Then there are modern authors:

Vasily Mahanenko (LitRPG)

The Way of the Shaman – https://www.amazon.com/dp/B00VQRW14E

Galactogon – https://www.amazon.com/dp/B012B9L0DI

Michael Atamanov  (LitRPG)

The Dark Herbalist – https://www.amazon.com/dp/B01M9F1AM7

Perimeter Defense – https://www.amazon.com/dp/B015JMSSJS

Dmitry Gluhovskiy (PostApocalypse)

Metro 2033 – https://www.amazon.com/dp/B003774XKG

Sergei Lukyanenko (Vampire Fantasy)

The Night Watch – https://www.amazon.com/dp/B0031RSB5U

Pavel Kornev (steampunk)

The Sublime Electricity – https://www.amazon.com/dp/B01J1WY2U6

Zotov (ironical Sci-Fi, dystopia)

Moskau – https://www.amazon.com/dp/B01IWR5R32

 

  •        What distinguishes Russian Science Fiction/Fantasy from English Novels? Style? Audience? Attitude?

Speaking about Fantasy I think that there is no big difference. Russian Fantasy is having the same roots as every other Fantasy in the world – books by John Tolkien and Joanna Rowling, Dungeon & Dragons tabletop games and old computer games like Baldurs Gate or Eye of Beholder.

There is also some national material based Fantasy in Russia and it is relatively popular. Some authors do specialize on it.

It is much more complicated with Science Fiction. The way I see it is – in the end of XIXth century world Science Fiction was mostly positive. You know, human progress, improving medicine, magic of electricity. On that positive basis people once again tried to build the ideal modern society but ended up building two horrible dictatorships – Nazi Germany and Soviet Union. That’s why world Science Fiction of the second half of the 20th century is all about disappointment. Disappointment in progress which is not helping to solve every problem as it seemed before.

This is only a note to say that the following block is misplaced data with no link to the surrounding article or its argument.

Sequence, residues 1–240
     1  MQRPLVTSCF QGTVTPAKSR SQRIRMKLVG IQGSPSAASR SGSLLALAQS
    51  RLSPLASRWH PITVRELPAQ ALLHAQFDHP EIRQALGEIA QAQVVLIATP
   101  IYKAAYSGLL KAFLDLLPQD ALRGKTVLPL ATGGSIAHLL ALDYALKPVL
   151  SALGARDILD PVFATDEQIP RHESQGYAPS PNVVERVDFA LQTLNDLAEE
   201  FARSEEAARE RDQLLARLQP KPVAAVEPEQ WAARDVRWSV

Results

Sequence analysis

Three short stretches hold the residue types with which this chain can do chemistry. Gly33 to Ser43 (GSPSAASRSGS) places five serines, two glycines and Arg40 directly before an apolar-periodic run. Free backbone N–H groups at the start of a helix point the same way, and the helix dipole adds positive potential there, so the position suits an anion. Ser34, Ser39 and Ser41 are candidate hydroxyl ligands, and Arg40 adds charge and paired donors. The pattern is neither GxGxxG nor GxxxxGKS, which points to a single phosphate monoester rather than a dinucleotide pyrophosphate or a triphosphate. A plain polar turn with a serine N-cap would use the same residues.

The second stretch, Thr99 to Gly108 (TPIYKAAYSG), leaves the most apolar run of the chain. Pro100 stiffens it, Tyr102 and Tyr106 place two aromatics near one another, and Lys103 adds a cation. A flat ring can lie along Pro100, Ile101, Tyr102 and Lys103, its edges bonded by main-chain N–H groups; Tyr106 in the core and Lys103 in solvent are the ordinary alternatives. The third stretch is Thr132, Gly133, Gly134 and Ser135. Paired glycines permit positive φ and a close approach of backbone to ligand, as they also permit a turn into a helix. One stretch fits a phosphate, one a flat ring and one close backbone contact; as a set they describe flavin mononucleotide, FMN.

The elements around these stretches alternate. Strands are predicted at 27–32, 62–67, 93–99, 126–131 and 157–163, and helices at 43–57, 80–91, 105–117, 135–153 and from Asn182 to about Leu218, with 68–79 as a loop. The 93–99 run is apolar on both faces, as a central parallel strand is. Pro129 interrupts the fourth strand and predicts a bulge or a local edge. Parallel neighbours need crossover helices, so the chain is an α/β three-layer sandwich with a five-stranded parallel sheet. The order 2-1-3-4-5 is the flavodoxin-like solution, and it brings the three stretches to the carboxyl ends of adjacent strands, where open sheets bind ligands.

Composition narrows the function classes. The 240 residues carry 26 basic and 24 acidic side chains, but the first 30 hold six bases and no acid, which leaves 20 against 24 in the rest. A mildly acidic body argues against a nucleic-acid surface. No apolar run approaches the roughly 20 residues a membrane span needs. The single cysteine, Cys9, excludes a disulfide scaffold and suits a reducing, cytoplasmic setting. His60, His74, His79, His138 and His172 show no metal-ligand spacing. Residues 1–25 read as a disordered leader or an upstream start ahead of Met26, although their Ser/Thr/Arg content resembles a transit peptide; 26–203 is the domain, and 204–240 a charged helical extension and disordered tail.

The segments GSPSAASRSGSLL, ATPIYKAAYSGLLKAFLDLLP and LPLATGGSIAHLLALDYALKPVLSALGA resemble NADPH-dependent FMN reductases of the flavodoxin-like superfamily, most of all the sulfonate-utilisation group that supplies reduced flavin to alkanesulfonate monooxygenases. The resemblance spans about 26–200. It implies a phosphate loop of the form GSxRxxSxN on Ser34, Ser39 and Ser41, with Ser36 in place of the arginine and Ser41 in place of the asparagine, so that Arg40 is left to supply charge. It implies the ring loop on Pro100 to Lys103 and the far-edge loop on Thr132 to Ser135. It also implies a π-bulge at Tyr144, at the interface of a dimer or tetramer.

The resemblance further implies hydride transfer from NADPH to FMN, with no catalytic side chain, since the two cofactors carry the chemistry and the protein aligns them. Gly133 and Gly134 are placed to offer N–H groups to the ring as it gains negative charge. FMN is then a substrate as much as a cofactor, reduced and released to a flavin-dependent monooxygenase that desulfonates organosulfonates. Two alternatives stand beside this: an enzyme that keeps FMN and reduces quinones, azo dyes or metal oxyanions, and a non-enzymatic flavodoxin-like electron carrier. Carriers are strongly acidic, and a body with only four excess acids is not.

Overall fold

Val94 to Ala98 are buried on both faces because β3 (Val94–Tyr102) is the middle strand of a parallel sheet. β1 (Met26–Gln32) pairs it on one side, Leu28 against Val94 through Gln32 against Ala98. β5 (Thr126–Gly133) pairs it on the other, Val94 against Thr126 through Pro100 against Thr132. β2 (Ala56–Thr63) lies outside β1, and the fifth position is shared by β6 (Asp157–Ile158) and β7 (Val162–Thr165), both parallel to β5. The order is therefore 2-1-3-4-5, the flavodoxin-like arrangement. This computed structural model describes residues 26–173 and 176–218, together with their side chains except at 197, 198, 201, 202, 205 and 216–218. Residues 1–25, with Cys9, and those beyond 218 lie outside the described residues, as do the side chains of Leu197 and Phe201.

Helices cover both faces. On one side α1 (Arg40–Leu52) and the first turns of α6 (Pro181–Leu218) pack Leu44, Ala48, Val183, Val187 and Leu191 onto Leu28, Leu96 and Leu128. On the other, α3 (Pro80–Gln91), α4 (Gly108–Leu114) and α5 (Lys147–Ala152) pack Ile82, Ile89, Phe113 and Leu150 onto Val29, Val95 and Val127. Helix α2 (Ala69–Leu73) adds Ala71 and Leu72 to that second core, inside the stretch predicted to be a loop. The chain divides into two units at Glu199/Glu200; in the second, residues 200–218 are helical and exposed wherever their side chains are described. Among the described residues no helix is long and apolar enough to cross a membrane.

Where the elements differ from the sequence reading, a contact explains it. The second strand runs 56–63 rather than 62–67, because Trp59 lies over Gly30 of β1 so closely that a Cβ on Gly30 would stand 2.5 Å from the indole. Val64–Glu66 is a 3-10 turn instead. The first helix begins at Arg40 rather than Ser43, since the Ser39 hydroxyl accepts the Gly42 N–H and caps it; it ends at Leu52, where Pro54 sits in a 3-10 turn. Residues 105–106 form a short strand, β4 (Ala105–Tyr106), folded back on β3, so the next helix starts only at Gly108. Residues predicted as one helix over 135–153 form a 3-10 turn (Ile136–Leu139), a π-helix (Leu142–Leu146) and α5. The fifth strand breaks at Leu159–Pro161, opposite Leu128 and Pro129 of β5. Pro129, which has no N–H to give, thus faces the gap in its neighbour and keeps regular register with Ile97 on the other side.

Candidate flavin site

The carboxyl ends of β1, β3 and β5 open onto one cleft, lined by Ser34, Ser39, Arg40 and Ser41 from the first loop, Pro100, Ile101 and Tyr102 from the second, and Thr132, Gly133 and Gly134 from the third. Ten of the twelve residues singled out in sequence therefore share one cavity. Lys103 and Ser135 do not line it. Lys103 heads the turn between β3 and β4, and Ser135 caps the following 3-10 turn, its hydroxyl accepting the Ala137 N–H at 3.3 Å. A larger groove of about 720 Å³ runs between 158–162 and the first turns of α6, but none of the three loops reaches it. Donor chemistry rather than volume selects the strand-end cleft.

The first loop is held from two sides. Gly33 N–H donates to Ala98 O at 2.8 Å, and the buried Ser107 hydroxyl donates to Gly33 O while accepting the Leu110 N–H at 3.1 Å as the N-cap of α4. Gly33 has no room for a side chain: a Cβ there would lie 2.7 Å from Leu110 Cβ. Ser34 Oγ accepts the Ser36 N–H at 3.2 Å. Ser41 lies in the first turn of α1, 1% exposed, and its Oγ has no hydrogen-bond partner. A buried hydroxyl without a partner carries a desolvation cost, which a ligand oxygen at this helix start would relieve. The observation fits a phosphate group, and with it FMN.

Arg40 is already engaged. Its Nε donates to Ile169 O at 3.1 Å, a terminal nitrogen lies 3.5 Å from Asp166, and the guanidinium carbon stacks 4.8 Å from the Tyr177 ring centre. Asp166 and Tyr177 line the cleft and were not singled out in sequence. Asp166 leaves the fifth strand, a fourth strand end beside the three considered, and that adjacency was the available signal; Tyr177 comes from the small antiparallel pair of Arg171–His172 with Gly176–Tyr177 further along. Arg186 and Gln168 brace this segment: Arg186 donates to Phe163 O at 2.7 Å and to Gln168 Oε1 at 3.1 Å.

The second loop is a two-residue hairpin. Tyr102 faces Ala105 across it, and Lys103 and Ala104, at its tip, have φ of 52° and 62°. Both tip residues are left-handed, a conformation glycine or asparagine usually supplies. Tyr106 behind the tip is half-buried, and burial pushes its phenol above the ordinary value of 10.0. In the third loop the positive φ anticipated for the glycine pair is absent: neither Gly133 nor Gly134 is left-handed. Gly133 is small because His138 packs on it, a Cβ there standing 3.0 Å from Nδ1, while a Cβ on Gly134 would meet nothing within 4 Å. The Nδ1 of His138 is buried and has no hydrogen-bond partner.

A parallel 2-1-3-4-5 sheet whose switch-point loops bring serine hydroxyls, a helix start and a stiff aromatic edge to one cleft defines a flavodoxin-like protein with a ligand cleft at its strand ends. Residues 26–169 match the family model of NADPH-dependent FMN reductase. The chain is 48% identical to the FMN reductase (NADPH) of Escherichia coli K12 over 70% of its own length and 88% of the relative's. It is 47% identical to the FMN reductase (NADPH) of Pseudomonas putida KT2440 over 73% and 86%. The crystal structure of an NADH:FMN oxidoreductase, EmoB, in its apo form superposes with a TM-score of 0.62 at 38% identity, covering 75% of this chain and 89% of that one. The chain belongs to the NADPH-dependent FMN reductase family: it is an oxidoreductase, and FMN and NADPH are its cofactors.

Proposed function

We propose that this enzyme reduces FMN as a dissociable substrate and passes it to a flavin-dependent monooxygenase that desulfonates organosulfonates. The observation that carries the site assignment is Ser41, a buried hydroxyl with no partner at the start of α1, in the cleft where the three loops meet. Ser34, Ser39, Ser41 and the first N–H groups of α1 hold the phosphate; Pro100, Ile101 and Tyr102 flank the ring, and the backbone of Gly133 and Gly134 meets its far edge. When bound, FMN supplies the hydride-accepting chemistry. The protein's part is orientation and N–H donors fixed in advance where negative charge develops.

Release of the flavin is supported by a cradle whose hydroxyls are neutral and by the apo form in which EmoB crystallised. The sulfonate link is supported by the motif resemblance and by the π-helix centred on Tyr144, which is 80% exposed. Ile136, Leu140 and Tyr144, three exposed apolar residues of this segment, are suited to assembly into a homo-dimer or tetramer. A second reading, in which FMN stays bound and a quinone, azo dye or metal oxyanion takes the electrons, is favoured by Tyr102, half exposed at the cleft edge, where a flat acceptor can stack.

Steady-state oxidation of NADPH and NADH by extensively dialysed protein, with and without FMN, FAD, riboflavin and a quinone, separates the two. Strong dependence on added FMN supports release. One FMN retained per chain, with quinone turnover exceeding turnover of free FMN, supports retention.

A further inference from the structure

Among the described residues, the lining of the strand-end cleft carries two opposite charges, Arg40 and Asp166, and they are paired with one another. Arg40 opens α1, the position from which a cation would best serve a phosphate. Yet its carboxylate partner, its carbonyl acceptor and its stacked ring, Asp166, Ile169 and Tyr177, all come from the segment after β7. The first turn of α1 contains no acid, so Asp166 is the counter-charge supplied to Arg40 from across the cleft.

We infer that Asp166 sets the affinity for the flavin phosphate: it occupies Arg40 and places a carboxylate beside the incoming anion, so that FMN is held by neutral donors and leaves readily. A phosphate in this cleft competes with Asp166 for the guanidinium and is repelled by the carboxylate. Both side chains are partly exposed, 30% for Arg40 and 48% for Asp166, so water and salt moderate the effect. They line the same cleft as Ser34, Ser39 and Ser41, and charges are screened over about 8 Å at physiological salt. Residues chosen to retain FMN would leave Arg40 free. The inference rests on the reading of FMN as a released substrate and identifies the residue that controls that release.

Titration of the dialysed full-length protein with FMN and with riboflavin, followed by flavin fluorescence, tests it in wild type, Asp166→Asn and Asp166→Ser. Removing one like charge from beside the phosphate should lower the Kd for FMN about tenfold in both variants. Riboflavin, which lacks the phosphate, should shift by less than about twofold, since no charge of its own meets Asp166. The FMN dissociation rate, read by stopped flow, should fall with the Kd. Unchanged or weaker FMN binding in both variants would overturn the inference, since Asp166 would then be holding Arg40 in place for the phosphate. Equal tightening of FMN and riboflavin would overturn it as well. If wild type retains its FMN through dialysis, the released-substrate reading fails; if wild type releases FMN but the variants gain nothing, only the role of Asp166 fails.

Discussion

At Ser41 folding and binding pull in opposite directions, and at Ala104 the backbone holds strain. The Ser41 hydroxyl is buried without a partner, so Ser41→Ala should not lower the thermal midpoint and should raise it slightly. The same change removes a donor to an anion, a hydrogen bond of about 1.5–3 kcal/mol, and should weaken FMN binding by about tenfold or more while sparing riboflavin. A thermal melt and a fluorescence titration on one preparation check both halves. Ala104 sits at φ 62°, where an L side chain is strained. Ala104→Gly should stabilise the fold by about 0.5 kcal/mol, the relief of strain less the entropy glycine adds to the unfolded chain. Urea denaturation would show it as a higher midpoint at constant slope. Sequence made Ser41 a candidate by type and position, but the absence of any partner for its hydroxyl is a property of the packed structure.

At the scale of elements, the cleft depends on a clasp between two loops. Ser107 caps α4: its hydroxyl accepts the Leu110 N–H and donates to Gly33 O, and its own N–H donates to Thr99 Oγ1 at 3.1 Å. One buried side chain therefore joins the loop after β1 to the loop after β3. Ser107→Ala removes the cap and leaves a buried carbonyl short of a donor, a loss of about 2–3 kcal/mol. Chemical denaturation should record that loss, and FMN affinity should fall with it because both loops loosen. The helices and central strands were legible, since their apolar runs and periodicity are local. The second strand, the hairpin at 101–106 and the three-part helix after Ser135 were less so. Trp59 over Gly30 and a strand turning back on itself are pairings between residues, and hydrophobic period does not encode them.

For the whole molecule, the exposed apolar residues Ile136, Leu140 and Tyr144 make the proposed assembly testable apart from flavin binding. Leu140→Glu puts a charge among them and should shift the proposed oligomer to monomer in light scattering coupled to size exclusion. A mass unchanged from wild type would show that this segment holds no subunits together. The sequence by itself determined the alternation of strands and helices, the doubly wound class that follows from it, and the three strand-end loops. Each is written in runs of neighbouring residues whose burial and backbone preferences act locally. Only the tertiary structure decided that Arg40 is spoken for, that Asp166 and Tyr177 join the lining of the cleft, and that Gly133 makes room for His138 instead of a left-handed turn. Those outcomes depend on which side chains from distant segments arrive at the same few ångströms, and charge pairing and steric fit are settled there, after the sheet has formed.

But since Russia was one of those ideal societies we couldn’t afford such a view. With censorship and all that. So when Polish author Stanislav Lem wrote about how we can’t communicate with any other alien forms because all we’re looking for in space is a mirror and when Isaac Azimov wrote about danger of artificial inteligence and when Heinlein wrote about hunger of the outgrown human population, all that time we kept writing about how great and kind people of the communistic future will be. It was a little naive but Soviet censorship just wouldn’t allow anything else to be published.

Maybe this is why PostApocalypse and cyberpunk genres are still popular in Russia. Dark Science Fiction, you know, to balance things up with our inheritance. Maybe this or else maybe because many Russian Science Fiction writers are former military people.

For a few years now Russians are reading YA Fantasy mostly. I see many young women writers coming up on stage with that genre.

  •        Where does most modern Russian S/F come from? (Websites? Print companies?)

I have to say that Russian publishing market had seen better days. In 90-s average number of copies for a fantasy novel easily could be 25-50 thousands of copies. Even more! Today it’s more like 5000 copies. I mean paper editions of course.

Our big problem is the market itself. We have one big publisher which is publishing like two-thirds of all books in Russia. Up until recently we had two. But they merged together and now we have one. It is very hard to work on that market first of all because Russia is very big. Most books are printed in western part of Russia. So when you need to deliver them to the east – it costs a fortune.